A majority of past applications of hybrid simulation have been in earthquake engineering, although there is great potential to impact a much broader set of problems by expanding the scope and capabilities of hybrid simulation to address a broad array of multi-hazard engineering research problems.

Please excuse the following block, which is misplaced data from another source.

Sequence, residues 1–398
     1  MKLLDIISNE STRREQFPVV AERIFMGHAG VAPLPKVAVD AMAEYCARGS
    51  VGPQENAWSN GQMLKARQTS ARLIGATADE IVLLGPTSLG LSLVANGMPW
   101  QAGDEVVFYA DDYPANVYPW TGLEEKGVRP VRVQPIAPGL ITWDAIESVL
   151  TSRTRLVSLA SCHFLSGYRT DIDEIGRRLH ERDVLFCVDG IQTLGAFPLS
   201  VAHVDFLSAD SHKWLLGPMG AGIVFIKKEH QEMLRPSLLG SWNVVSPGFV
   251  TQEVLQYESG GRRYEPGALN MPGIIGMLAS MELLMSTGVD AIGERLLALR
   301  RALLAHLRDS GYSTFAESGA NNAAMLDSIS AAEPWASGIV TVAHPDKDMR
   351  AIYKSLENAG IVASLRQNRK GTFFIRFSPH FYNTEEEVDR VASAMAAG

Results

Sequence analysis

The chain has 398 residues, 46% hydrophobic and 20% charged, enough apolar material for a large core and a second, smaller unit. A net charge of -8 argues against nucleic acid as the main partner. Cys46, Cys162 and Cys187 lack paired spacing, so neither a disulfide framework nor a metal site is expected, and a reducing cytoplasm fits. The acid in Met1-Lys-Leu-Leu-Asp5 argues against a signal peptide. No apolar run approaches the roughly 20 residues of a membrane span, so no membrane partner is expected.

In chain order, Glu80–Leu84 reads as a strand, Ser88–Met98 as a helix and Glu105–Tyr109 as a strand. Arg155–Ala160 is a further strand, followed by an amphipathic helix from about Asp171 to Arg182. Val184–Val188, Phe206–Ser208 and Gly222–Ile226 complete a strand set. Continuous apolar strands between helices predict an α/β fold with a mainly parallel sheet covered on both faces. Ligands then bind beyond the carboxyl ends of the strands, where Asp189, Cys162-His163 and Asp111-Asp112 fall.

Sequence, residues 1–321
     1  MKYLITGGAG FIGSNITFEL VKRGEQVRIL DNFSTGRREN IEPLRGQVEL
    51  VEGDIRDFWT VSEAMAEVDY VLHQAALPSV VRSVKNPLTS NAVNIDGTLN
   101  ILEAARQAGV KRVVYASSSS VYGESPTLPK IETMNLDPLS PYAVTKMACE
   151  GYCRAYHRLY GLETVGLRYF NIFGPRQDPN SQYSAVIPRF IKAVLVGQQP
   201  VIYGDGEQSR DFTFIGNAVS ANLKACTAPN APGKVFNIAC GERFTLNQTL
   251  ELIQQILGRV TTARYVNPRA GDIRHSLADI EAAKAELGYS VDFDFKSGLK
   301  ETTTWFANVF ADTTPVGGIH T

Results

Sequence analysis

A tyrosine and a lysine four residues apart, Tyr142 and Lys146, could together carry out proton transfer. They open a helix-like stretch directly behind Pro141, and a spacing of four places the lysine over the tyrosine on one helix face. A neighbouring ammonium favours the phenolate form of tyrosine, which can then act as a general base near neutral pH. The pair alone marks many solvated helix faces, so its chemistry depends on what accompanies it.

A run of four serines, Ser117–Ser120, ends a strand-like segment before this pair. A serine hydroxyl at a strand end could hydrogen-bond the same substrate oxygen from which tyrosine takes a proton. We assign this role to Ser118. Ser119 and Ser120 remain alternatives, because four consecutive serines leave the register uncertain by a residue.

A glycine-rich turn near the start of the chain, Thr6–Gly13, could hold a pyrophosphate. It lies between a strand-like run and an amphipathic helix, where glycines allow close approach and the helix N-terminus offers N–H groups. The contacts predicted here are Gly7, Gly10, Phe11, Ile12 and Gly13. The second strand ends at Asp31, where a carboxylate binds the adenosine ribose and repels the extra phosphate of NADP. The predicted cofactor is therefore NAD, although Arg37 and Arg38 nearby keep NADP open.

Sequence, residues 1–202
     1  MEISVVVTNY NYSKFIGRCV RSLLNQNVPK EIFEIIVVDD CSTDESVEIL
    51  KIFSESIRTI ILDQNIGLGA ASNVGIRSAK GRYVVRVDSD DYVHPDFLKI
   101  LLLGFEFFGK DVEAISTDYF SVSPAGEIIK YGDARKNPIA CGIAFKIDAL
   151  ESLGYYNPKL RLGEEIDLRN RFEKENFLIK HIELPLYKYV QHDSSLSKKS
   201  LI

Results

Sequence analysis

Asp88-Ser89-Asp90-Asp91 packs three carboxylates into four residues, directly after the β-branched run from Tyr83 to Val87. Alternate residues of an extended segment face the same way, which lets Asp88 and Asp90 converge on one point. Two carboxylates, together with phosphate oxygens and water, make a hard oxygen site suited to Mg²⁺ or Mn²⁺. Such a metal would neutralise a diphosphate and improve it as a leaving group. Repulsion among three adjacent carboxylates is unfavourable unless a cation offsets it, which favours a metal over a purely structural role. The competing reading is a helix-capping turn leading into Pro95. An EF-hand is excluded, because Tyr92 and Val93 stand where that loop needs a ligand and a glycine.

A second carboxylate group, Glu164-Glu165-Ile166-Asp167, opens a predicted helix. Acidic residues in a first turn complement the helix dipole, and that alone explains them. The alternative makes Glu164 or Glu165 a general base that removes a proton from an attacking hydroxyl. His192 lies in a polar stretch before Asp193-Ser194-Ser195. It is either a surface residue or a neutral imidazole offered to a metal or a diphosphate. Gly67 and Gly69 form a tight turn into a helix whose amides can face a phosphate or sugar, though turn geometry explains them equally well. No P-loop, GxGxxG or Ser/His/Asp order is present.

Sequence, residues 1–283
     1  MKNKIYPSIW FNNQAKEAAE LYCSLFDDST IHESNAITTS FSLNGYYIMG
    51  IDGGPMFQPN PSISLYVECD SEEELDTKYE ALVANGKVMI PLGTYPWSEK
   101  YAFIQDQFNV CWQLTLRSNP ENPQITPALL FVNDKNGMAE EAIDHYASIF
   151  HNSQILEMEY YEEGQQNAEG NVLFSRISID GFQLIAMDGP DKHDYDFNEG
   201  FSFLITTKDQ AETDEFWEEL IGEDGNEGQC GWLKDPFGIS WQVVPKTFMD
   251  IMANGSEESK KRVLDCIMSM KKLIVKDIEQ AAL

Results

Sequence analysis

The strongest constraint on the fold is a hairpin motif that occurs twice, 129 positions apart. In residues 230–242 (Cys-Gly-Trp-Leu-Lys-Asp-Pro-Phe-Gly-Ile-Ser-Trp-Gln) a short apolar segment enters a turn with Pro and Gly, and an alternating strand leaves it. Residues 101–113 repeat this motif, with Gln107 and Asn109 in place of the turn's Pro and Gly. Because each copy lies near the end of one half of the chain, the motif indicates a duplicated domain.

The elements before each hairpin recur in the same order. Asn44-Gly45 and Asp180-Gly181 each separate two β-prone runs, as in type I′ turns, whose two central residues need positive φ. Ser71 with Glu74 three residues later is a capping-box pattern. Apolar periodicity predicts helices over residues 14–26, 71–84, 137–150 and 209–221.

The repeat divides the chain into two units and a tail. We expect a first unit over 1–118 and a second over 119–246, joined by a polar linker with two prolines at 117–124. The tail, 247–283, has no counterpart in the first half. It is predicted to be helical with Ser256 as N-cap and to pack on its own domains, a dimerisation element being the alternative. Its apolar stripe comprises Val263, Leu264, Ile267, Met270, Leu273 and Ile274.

Traditional hybrid simulation is conducted at an extended time scale, typically uses higher-order computational models, and is applied when rate-dependence is not significant in the physical subsystem. Real-time hybrid simulation is needed when rate dependence plays a significant role in the dynamics of the physical subsystem, and it often uses both high-fidelity control of the actuation system and real-time execution of the computational models and associated supervisory tasks. Furthermore, geographically-distributed hybrid simulation and geographically-distributed real-time hybrid simulation have been demonstrated in isolated cases to further expand the range of possible experiments by coupling multiple laboratories.
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